The Rev. Franklin Graham -- son of famed evangelist Billy Graham – has again questioned U.S. President Barack Obama’s Christian faith and suggested that Obama is overlooking atrocities committed against Christians in Muslim-dominated countries.

Speaking on MSNBC television Tuesday, Graham said: “Islam sees [Obama] as a son of Islam because his father was a Muslim, his grandfather was a Muslim, great-grandfather was a Muslim and so under Islamic law, the Muslim world sees Barack Obama as a Muslim.”

Graham, who has also doubted Obama was born in the United States, further charged: “I can’t say categorically [that Obama is not a Muslim] because Islam has gotten a free pass under Obama… under President Obama, the Muslims of the world -- he seems more concerned about them than the Christians being murdered in the Muslim countries.”

This charge against Obama seems ludicrous.

Indeed, Obama has actually repeatedly called on Egypt’s new government to protect the rights of religious minorities, including Coptic Christians, declaring in a statement: “freedom of religion, the protection of people of all faiths, and the ability to worship as you choose are critical to a peaceful, inclusive and thriving society. And for this season of change to succeed, Coptic Christians must have the right to worship freely in Cairo, just as Shia [Muslims] must never have their mosques destroyed in Bahrain.”

Graham’s statement that Christians are being murdered in Muslim nations is not entirely false – but he is greatly exaggerating the problem’s true dimensions. However, Graham is correct when he suggests that Christians (and non-Muslims) are discriminated against in most Muslim-dominated nations.


In Egypt -- where Coptic Christians are believed to account for at least 5 percent of the population, making it the largest Christian community in the Middle East by far – sectarian violence between Muslims and Christians has indeed erupted sporadically in the aftermath of the fall of President Hosni Mubarak.

(It must be noted that Graham had praised Mubarak for protecting Christians in Egypt during his reign).

Last October, during a particularly bloody clash, at least two dozen Coptic Christians were killed while protesting desecration and attacks on churches in parts of Egypt.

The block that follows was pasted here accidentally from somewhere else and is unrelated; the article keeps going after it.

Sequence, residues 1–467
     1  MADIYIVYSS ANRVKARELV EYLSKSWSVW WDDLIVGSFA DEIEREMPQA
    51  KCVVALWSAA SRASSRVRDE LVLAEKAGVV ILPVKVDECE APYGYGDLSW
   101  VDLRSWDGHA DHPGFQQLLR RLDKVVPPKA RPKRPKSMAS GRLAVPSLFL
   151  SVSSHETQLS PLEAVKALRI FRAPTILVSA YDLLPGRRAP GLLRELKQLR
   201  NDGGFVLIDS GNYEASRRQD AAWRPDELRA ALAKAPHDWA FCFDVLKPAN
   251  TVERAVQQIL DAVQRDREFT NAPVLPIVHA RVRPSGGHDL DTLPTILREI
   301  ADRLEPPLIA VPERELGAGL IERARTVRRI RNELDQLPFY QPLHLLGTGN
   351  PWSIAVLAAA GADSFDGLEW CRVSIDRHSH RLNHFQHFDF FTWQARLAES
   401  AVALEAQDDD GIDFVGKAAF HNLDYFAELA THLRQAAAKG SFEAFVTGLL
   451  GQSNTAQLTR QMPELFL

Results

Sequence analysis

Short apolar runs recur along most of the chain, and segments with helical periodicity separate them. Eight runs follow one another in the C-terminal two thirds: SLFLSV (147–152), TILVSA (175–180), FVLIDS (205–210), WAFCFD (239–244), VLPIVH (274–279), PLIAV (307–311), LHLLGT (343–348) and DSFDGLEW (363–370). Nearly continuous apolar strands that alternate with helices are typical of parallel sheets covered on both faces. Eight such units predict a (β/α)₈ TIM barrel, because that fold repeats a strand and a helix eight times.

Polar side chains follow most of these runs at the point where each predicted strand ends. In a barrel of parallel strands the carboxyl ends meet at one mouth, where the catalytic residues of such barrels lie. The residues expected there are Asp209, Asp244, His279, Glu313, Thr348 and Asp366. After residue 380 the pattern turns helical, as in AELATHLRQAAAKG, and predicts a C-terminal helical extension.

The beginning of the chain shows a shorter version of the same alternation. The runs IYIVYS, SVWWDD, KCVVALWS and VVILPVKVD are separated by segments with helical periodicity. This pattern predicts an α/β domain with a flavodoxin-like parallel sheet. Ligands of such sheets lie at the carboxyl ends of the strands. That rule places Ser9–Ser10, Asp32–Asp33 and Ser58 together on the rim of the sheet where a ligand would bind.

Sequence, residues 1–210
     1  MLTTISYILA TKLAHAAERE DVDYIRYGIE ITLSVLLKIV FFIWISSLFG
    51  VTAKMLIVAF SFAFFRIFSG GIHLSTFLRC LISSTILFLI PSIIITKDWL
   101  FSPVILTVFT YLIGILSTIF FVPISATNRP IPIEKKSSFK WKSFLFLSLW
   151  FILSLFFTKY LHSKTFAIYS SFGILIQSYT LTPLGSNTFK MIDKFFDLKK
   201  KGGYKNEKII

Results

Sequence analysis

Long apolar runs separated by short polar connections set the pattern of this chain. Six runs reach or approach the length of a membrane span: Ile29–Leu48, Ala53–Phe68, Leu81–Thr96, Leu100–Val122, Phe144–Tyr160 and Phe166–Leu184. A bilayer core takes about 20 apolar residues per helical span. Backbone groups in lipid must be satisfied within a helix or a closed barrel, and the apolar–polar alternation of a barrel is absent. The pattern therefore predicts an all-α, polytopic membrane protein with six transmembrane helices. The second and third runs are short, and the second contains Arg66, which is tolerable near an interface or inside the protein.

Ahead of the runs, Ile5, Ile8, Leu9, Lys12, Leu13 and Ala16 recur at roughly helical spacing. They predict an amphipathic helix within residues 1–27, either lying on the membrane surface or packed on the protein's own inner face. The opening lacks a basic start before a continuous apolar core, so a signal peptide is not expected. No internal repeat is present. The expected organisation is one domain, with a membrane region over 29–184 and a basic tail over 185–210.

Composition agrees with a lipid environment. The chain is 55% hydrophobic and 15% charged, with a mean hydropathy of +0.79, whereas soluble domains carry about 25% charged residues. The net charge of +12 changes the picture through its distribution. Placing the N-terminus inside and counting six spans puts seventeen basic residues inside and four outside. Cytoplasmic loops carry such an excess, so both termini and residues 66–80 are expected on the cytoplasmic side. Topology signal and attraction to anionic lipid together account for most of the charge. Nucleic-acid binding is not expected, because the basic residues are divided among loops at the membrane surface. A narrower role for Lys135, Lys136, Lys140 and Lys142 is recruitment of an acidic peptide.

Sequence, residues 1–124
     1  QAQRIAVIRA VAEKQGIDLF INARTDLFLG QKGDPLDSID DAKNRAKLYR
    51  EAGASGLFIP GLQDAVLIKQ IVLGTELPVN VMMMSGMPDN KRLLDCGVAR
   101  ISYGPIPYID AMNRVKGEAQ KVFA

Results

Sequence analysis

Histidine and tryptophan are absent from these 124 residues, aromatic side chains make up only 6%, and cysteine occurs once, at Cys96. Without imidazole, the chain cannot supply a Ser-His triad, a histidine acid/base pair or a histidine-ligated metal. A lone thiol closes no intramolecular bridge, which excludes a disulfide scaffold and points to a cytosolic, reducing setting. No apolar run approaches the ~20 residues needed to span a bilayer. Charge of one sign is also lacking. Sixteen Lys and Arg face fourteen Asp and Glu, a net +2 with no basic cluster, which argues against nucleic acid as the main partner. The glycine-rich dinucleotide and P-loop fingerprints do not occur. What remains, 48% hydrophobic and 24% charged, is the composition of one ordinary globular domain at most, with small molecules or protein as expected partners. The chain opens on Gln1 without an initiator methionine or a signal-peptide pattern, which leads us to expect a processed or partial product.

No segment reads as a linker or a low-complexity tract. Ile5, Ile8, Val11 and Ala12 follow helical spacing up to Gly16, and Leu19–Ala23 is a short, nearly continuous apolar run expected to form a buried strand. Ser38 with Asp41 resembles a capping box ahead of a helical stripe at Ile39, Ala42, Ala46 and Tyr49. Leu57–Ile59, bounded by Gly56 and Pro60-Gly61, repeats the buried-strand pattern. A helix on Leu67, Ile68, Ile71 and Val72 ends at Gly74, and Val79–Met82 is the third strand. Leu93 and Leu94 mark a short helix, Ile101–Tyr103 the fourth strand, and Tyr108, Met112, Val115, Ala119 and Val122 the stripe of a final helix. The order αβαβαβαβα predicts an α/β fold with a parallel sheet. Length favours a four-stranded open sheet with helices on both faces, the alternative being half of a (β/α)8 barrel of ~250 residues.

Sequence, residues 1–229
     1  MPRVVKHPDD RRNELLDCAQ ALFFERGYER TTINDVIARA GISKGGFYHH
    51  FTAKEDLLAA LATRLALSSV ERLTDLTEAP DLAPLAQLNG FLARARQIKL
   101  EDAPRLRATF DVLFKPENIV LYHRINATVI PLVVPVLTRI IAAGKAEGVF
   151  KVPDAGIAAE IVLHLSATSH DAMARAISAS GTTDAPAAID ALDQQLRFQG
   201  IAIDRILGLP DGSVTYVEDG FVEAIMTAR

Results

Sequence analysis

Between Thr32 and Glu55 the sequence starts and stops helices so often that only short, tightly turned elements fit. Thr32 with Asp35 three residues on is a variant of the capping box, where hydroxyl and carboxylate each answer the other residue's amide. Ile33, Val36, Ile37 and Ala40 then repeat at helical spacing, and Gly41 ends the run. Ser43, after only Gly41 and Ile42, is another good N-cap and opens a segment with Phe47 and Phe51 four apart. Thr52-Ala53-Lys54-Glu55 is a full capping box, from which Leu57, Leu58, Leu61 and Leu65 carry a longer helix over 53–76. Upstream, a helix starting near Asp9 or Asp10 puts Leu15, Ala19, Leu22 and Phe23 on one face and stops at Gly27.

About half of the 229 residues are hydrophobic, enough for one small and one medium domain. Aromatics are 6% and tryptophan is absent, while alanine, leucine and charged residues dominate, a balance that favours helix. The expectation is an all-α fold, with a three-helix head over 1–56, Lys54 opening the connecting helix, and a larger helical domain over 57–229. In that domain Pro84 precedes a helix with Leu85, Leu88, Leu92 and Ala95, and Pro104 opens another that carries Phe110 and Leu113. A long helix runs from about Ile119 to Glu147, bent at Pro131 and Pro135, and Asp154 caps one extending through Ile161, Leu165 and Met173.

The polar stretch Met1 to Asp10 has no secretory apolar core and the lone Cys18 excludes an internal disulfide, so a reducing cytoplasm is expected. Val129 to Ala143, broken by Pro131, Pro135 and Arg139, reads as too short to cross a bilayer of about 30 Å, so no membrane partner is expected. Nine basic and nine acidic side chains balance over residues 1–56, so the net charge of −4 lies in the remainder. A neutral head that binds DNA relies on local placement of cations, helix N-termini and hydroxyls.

“The high death toll from the clashes on Oct. 9 shows the urgent need for thorough investigations that lead to accountability and better protection for the Coptic community,” said Joe Stork, deputy Middle East director at Human Rights Watch at the time.

Last March, less than two months after the removal of Mubarak from power, a mob of Muslims attacked and burned down a church in Atfih, just south of Cairo – an act that lead to the deaths of at least 12 people and the destruction of several Christian-owned businesses.

Enmity against Copts is nothing new, even though they have lived in Egypt since the very earliest days of the Christian era, before Islam existed.

In 1952, when Gamal Abdel Nasser overthrew King Farouk and established a pan-Arab nationalist republic, the status of Coptic Christians became extremely precarious.

Christians, who were resented for their wealth, witnessed the closing of some of their churches and courts and confiscation of properties, prompting many to emigrate.

HRW once noted: Egyptians are able to convert to Islam generally without difficulty, but Muslims who convert to Christianity face difficulties in getting new identity papers and some have been arrested for allegedly forging such documents.”

Some Islamic militants (who regard Christians as heretics) have even demanded that the state impose a tax on the Copts as in previous centuries.

Moreover, the election of some extremist Salafists to Egypt's parliament has also raised fears among Coptic Christians in the country.

As for other Muslim countries, the picture is rather mixed for Christians. However, since Christians tend to make up such small percentages of the local populations, their persecution and abuse often receive substantial media coverage in the West.


For example, Western Christians were outraged by a death penalty imposed on an Iranian pastor named Youssef Nadarkhani on the charge of apostasy. Iranian mullahs claimed that because he was converted from Islam to Christianity, Nadarkhani is an apostate – and liable to be executed under the laws of the Islamic Republic.